Experts warn of the dark side of Enterprise 2.0
Go ahead and unplug once in a while to avoid burnout, overload
Computerworld - BOSTON -- At the Enterprise 2.0 Conference, you'd expect to hear people extolling the business benefits of using social media tools, but you might not expect to hear about the dark side.
And there is a dark side that ranges from the obvious -- information overload and employee burnout -- to issues that might be less obvious, such as an increased feeling of isolation and letting the "loud talkers" assume the voice of the expert.
"Sometimes you just have to turn all that crap off," Greg Lowe, social media strategist at Alcatel-Lucent, told an early-morning keynote audience today. "You've got to unplug yourself. I'm in social media and my ADD is struggling to keep up. Sometimes when I go to a coffee shop, I leave my computer and phone at home. I bring a notepad and maybe a book."
Lowe and Kathleen Culver, a transformation architect also at Alcatel-Lucent, said there are great advantages for any company using Enterprise 2.0 technologies such as social collaboration platforms, microblogs and wikis. These technologies can increase productivity and facilitate greater collaboration with employees in far-flung offices.
However, as with most anything, there's a downside.
And with Enterprise 2.0, the downside tends to involve information and time overload.
"This spigot of access of anywhere, anytime, [to] anybody can flood our free time," Culver said. "The problem is that with these new forums and ways of interacting, there's a strong desire to be responsive. This need to respond doesn't just happen in the forum of your workday. It's happening 24/7. It means that we're potentially on all the time."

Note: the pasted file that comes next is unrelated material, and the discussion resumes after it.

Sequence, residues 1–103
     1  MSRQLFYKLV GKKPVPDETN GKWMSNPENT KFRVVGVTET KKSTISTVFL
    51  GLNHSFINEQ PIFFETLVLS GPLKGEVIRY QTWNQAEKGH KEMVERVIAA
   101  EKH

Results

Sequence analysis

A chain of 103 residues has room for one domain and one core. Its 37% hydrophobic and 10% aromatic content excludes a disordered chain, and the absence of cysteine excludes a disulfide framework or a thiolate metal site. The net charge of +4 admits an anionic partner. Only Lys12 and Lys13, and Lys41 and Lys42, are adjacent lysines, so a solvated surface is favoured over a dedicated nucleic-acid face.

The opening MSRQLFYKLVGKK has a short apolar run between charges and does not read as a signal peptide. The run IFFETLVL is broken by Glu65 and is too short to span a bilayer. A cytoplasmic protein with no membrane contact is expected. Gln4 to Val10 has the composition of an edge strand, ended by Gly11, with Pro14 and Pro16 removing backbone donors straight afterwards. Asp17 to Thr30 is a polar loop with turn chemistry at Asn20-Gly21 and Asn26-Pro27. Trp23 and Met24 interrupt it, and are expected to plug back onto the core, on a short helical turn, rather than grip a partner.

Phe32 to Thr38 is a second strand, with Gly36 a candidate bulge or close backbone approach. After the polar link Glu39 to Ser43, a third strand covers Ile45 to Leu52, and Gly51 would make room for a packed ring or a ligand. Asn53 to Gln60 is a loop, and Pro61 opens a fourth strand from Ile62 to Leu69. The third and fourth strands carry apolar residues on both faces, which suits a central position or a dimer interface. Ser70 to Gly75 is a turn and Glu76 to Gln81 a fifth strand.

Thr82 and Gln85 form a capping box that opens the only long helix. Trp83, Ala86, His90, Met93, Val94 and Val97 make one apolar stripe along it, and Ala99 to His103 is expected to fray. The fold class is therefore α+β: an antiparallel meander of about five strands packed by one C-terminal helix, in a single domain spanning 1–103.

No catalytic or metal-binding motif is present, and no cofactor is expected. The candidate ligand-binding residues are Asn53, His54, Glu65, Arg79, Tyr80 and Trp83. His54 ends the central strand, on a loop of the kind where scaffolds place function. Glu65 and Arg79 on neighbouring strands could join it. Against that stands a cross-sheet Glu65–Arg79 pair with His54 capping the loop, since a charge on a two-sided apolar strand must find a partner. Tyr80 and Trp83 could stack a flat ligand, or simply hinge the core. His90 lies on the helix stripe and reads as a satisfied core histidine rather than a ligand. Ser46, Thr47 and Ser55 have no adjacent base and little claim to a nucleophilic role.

And that constant attention to our gadgets, and to the stream of social updates and work-related posts and tweets, can keep people from relaxing their brains.
"We're losing our downtime," said Culver. "So we're working the BlackBerry at the dinner table. We're sending out tweets. We're invading our play time. What they're finding about play, whether it's tennis or Sudoku, is you're taking work problems out of the context of work. You're no longer getting that time away from work. ... It's not just the fact that you're getting all of these messages, it's the unpredictability of it. The problem is going to be burnout."
While companies are cutting travel budgets for employees and instead using video chats and Web conferences, there are drawbacks to having fewer face-to-face meetings.
"A tremendous amount of communication is nonverbal, and if we're not meeting face-to-face, then we're missing out on a lot of that," added Culver. "But there's another challenge, too. There's a loss of camaraderie with our colleagues. We're getting this feeling of isolation because we're not getting together."
Another issue to watch out for is that if everyone in the company has been given the ability to weigh in on online discussions, beware the person who may have more time to talk but less expertise.
"The real experts might not be doing all the talking in these communities," Culver said. "The experts might want to be working in their labs or working with customers, and they aren't posting all the time. Just because someone is posting doesn't mean they're an expert and everyone should be taking their advice."
Sharon Gaudin covers the Internet and Web 2.0, emerging technologies, and desktop and laptop chips for Computerworld. Follow Sharon on Twitter at @sgaudin or subscribe to Sharon's RSS feed . Her e-mail address is firstname.lastname@example.org.
Read more about Social Business in Computerworld's Social Business Topic Center.
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